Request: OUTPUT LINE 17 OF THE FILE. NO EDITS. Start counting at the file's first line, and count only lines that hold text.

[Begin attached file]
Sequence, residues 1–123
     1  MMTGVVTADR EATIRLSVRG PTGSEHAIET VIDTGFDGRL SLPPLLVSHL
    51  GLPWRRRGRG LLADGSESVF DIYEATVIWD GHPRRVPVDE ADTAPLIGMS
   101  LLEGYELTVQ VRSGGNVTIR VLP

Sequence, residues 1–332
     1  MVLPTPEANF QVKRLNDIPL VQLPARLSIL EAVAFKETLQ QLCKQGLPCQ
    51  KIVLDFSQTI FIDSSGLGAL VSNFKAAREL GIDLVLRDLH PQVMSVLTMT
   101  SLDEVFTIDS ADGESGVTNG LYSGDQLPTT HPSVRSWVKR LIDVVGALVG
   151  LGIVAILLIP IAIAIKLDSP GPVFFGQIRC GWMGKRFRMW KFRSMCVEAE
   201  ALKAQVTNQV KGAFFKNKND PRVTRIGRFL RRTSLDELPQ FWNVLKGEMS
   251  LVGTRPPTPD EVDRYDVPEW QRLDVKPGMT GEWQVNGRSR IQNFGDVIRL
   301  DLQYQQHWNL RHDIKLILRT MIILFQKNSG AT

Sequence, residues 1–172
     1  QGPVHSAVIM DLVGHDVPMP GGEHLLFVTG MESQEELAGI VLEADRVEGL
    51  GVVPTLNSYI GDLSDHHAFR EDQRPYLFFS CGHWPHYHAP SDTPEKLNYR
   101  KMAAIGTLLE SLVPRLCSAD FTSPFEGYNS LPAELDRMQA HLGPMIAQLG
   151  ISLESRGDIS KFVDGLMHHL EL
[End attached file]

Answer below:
   151  ISLESRGDIS KFVDGLMHHL EL